This Stumbling Biotech Stock Still Has a Lot of PromiseKiplinger.com
For stock pickers, as for quarterbacks, a 67% completion rate is just dandy. That's how I feel about the three stocks I added to the Practical Investing portfolio over the past year. I hit pay dirt with two of them but was wide of the mark on the third.
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Let's turn off the football play-offs for a few moments and review the newcomers. I'll start with AV Homes (symbol AVHI, $16). I bought 1,100 shares last March after writing a piece for our website on attractive low-priced stocks. I paid $11.90 apiece, so I've earned a tidy 33% in roughly nine months. (Latest prices are as of November 30.)
AV, a builder of homes and adult-living communities, delivered spectacular results in 2016. Over the year's first three quarters, revenues jumped 77% and operating income soared 133% from the same period in 2015. The company can't keep up that pace in 2017. But operating profits are expected to climb by 15%, and the stock, which trades for 12 times projected 2017 earnings, still looks inexpensive. (Ignore the price-earnings ratio of 2.8 that appears on financial websites; it's based on an inflated earnings figure that includes an already reported, one-time tax benefit in 2016 of $110 million, or $4.13 per share.)
Fun business. AV is small, with a market value of just $358 million, and has frequently lost money, so it's a speculative stock, to say the least. But I like the business, and I am particularly enamored with AV's retirement communities, which sponsor a rich schedule of activities, ranging from crafts to bocce ball. In looking for ways to cash in on an aging society, I see a company that builds fun adult communities as a safer play than, say, drugmakers, which must contend with regulatory risk and headline-seeking politicians.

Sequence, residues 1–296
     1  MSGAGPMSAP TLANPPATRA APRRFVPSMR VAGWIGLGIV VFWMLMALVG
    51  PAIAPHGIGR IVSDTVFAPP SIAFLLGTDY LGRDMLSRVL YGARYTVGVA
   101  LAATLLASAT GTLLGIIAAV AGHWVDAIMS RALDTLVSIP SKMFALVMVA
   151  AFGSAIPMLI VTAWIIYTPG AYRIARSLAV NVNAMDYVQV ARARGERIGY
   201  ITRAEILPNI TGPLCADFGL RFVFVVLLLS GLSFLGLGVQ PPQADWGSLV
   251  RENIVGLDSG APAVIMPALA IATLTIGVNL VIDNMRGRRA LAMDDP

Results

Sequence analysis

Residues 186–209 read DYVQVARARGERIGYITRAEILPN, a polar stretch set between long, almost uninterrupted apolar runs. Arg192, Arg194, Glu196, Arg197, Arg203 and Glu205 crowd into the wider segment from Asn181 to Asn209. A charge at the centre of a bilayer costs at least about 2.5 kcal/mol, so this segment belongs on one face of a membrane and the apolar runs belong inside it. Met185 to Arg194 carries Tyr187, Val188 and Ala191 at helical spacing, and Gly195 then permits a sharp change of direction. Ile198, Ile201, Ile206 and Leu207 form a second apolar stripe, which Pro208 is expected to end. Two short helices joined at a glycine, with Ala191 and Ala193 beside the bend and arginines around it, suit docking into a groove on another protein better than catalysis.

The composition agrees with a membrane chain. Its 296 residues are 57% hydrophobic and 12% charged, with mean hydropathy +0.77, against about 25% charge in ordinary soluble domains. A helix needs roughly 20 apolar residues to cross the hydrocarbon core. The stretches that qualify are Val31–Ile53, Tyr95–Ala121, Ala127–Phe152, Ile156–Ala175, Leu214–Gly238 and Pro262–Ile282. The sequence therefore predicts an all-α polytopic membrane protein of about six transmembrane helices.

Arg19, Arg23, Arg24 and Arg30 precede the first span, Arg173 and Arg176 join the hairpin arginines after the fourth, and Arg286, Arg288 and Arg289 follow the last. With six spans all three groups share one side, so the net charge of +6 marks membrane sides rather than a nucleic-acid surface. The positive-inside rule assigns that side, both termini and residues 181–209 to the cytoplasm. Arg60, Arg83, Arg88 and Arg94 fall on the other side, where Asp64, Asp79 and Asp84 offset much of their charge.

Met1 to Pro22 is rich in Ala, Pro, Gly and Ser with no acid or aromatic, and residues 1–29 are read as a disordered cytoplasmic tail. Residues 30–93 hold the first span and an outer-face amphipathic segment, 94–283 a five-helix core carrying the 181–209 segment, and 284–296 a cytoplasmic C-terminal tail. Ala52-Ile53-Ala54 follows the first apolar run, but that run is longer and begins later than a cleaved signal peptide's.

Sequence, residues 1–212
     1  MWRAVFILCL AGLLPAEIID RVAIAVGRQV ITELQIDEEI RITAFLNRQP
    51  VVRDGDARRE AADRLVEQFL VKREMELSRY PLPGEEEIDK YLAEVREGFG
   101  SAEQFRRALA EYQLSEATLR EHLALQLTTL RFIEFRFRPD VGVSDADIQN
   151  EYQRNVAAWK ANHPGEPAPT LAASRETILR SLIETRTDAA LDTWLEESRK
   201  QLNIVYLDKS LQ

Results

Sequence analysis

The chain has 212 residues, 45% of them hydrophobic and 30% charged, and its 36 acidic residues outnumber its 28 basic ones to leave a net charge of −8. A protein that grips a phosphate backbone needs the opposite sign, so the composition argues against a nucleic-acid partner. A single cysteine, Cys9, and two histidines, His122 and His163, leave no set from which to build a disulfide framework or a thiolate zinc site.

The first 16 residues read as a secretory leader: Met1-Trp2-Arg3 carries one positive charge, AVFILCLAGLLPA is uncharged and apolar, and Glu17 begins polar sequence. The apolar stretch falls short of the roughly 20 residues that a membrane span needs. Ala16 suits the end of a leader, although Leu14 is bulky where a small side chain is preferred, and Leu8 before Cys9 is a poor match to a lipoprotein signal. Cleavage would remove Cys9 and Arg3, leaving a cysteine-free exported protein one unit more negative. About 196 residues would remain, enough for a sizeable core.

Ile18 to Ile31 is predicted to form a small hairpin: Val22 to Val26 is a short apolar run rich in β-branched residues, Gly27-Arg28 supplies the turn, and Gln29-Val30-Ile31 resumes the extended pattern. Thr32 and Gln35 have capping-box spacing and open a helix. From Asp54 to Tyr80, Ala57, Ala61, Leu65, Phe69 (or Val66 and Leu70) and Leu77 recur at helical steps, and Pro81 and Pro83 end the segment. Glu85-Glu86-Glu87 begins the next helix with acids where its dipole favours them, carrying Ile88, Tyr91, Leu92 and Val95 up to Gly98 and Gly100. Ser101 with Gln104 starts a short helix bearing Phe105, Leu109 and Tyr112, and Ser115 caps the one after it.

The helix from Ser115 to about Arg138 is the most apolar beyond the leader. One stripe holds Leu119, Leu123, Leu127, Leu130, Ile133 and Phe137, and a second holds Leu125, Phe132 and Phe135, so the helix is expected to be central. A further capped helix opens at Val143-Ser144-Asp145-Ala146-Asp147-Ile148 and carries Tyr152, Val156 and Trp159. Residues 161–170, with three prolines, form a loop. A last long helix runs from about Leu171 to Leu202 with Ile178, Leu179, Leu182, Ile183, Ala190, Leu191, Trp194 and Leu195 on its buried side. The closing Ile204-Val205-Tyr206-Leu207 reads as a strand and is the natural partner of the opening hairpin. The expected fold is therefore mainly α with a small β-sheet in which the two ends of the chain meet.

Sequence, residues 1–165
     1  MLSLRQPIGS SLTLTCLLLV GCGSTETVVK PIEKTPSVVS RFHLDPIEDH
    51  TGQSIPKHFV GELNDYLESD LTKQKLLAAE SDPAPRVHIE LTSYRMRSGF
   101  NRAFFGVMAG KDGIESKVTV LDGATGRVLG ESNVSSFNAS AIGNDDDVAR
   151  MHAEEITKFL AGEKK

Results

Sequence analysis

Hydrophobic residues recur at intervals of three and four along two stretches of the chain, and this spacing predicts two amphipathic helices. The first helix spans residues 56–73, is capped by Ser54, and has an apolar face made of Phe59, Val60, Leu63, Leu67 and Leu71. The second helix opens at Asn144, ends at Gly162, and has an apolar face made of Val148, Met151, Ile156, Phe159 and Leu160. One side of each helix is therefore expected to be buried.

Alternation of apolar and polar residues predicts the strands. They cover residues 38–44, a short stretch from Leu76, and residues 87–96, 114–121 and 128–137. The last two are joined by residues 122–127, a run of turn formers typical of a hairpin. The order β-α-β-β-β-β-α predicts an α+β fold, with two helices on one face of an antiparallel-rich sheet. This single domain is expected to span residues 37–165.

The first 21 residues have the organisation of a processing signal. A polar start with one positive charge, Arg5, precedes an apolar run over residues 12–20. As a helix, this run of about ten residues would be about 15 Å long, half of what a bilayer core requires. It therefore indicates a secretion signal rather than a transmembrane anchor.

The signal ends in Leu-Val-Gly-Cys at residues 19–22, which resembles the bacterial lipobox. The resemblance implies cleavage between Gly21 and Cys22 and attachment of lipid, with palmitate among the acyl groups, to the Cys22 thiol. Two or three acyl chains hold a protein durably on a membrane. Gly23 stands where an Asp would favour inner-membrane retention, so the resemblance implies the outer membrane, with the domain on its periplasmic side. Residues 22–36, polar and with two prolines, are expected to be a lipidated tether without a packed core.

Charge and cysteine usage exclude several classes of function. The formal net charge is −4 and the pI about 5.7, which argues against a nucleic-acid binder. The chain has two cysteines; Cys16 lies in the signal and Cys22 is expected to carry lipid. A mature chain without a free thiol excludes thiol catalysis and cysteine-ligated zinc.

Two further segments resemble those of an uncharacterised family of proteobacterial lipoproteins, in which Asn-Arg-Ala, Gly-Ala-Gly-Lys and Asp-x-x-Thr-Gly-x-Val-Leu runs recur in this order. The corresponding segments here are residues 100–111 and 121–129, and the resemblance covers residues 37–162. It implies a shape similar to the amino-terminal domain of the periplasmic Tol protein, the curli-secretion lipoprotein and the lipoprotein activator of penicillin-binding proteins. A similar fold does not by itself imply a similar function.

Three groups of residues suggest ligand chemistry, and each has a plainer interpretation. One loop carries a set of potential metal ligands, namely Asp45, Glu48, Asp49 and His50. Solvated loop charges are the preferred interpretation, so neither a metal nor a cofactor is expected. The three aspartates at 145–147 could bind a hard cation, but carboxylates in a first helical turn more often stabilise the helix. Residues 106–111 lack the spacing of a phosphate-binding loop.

In February 2016, I bought 550 shares of General Motors (GM, $35). At $28.58, the stock was selling for less than five times projected earnings and boasted a 5.0% dividend yield. That struck me as a no-lose proposition for a company that makes such iconic brands as Buick and Chevrolet. I've made 21% on the shares so far. The stock remains cheap, selling for 6 times estimated earnings and yielding a still-impressive 4.4%. GM generates more than enough free cash flow to cover the dividend and could easily raise it. It is also buying back shares.
The stock's near-term appreciation potential is likely to be muted because analysts expect earnings to decline a bit in 2017. Still, I think GM offers above-average appreciation potential over the long term. I will continue to hold it and maybe add to my position. The dividend will add points to the portfolio even if the share price gets clipped.
My fumble was Gilead Sciences (GILD, $74). The price of the one-time biotech superstar has fallen 19% since I bought 150 shares at $90.81 apiece in January 2016. The drop represents the continuation of a slump that began in June 2015, as analysts began to fret about Gilead's loosening hold on the market for hepatitis C medicines. With pharmaceuticals giant Merck coming out with a cheaper hepatitis drug, the sales of Gilead's blockbuster medications, Harvoni and Sovaldi, were expected to decline, leaving Gilead with slightly lower operating revenues and profits. I thought Wall Street was overreacting, and I believed I was getting a bargain, with the stock selling for a mere 11 times projected earnings at the time. But Gilead has been getting sacked ever since. Profits in the first nine months of 2016 were down 15% from the same period a year earlier and are likely to drop further in 2017.
Gilead may not bounce off the turf right away. But with 10 new drugs in late-stage clinical trials, the company has a lot of promise. Although I wish I had taken a timeout before I bought the stock, I'm holding on and expect Gilead to win in overtime.
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